But recently he announced that he would play the title role in Beckett's ''Krapp's Last Tape'' in 2006, to commemorate the 50th anniversary of the Royal Court Theater in London.
There was a moment of exquisite discomfort on television on Thursday afternoon after the Nobel announcement was made, The Evening Standard reported.
''A Sky News presenter announced at 12:01 p.m. that Harold Pinter had died,'' the paper said, ''before correcting herself, after a Pinteresque pause, and saying that he had in fact won a Nobel Prize.''
Honoring a Tension-Filled Body of Work
The Room (1957)
The Birthday Party (1957)
The Dumb Waiter (1957)
A Slight Ache (1958)
The Hothouse (1958)
The Caretaker (1959)
A Night Out (1959)
Night School (1960)
The Dwarfs (1960)
The Collection (1961)
The Lover (1962)
Tea Party (1964)
The Homecoming (1964)
The Basement (1966)
Old Times (1970)
No Man's Land (1974)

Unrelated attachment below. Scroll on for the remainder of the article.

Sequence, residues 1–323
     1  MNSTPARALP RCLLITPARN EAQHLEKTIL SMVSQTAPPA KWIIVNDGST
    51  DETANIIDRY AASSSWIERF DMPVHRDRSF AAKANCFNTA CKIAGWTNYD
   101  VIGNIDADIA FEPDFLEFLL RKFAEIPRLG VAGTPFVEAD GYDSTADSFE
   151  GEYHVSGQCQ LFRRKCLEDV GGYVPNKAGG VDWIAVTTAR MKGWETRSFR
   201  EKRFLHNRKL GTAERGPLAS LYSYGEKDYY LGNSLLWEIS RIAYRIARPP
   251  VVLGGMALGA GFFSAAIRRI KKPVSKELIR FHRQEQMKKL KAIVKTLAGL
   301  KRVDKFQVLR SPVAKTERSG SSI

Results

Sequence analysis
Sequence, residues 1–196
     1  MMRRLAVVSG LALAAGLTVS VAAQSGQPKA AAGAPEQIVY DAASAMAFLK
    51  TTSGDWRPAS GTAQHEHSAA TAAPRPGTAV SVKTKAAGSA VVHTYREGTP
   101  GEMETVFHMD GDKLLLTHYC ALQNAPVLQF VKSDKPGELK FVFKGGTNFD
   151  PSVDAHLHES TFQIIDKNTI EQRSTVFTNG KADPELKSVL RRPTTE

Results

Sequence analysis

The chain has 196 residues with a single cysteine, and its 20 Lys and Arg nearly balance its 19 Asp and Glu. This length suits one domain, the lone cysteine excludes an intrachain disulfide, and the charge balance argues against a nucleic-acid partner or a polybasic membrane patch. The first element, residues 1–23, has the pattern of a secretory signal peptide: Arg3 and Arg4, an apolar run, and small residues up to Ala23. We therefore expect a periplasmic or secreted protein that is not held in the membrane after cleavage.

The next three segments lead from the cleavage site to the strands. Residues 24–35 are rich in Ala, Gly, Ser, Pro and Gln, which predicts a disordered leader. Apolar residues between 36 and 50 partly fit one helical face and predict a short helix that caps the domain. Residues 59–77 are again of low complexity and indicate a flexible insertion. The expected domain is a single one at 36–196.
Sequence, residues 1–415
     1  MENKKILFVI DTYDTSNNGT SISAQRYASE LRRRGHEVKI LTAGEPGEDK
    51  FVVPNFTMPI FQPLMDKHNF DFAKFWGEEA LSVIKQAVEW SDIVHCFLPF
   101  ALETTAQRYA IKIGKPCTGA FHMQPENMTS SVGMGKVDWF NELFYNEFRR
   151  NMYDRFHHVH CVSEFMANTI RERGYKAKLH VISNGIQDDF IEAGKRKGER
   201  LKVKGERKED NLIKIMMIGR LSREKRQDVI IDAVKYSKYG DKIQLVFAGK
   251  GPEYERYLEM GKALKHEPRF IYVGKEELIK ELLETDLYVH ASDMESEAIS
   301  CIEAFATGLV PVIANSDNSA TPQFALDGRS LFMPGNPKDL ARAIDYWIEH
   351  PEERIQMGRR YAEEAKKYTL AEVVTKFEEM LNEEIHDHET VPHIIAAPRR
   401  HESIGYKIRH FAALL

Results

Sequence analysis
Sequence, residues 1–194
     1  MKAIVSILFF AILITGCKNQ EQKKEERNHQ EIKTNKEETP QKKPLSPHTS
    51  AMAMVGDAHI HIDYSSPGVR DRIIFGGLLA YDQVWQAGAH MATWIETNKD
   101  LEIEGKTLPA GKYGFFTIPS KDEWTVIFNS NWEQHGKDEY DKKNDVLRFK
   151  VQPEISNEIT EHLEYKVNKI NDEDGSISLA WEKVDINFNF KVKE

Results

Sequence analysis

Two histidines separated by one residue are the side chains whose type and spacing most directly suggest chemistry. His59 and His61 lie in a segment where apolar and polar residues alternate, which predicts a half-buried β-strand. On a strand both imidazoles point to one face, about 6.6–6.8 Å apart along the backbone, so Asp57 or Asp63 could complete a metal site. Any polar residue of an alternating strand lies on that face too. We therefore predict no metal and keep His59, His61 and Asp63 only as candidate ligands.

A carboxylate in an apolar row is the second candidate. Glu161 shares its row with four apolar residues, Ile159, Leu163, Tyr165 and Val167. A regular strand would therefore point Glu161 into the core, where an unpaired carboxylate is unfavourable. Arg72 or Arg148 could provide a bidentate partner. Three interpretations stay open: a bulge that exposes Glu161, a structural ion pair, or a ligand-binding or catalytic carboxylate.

Family Voices (1980)
Other Places (1982)
A Kind of Alaska (1982)
Victoria Station (1982)
One for the Road (1984)
Mountain Language (1988)
The New World Order (1991)
Party Time (1991)
Ashes to Ashes (1996)
Remembrance of Things Past (2000)
The Caretaker (1963)
The Servant (1963)
The Pumpkin Eater (1963)
The Quiller Memorandum (1965)
The Birthday Party (1967)
The Go-Between (1969)
The Homecoming (1969)
Langrishe Go Down (1970)
The Proust Screenplay (1972) (not filmed)
The Last Tycoon (1974)
The French Lieutenant's Woman (1980)
Victory (1982) (not filmed)
Turtle Diary (1984)
The Handmaid's Tale (1987)
Heat of the Day (1988)
The Comfort of Strangers (1989)
The Trial (1989)
The Dreaming Child (1997) (not filmed)
The Tragedy of King Lear (2000) (not filmed)
(Source by HaroldPinter.org)